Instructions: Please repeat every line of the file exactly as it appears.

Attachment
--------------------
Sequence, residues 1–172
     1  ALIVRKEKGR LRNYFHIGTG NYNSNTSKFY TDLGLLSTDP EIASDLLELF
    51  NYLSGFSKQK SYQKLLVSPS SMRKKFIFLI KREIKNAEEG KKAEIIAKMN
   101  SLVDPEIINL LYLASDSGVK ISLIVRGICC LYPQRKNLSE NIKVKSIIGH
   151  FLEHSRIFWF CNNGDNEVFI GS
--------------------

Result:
Sequence, residues 1–172
     1  ALIVRKEKGR LRNYFHIGTG NYNSNTSKFY TDLGLLSTDP EIASDLLELF
    51  NYLSGFSKQK SYQKLLVSPS SMRKKFIFLI KREIKNAEEG KKAEIIAKMN
   101  SLVDPEIINL LYLASDSGVK ISLIVRGICC LYPQRKNLSE NIKVKSIIGH
   151  FLEHSRIFWF CNNGDNEVFI GS